Antiquities of Samarkand. Tomb of the Saint Kusam-ibn-Abbas (Shah-i Zindah) and Adjacent Mausoleums. Mausoleum of Emir Kutuluk Turdi Bek Aka. Inscription on the Left Side of the Facade (Top)
This photograph of the main facade of the Shadi Mulk mausoleum at the Shah-i Zindah necropolis in Samarkand is from the archeological part of Turkestan Album. The six-volume photographic survey was produced in 1871-72 under the patronage of General Konstantin P. von Kaufman, the first governor-general, in 1867-82, of Turkestan, as the Russian Empire’s Central Asian territories were called. The primary compilers for the visual material were Aleksandr L. Kun, an Orientalist attached to the army, and Nikolai V. Bogaevskii, a military engineer. They devoted special attention to Samarkand’s Islamic architecture, such as 14th- and 15th-century monuments from the reign of Tamerlane and his successors. Shah-i Zindah (Persian for “living king”) is revered as a memorial to Kusam-ibn-Abbas, a cousin of the Prophet Muhammad. The mausoleum of Shadi Mulk Aka was built in 1372 for the burial of Uldjai Shadi-Mulk, the daughter of Tamerlane's elder sister, Kutlug-Turkan-Aka. This view of the upper left side of the facade shows an array of ceramic work in vertical strips, including polychrome majolica tiles and rosettes, faience mosaics, and Arabic script in the cursive Thuluth style. This display is bounded by glazed terracotta columns, one of which (visible on the left) marks the left corner of the main facade. The basic colors are dark blue and turquoise.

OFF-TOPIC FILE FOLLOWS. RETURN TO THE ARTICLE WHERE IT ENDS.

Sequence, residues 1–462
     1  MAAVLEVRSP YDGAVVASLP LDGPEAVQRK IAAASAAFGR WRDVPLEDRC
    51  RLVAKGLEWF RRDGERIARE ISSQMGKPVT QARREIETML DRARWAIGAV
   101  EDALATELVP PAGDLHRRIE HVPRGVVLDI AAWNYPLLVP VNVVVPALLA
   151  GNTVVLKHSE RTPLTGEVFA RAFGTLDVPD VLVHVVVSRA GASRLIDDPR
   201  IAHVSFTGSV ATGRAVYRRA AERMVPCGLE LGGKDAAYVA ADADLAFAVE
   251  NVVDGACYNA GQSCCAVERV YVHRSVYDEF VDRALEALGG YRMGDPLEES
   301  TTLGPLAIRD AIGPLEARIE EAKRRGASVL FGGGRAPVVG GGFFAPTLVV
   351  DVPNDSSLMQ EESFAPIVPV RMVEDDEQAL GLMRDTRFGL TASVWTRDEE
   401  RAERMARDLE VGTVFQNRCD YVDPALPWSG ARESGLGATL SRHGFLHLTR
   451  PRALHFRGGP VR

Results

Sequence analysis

- acku Afghanistan
- Image Size
- 1800x2479 / 290.6KB
- Contained in galleries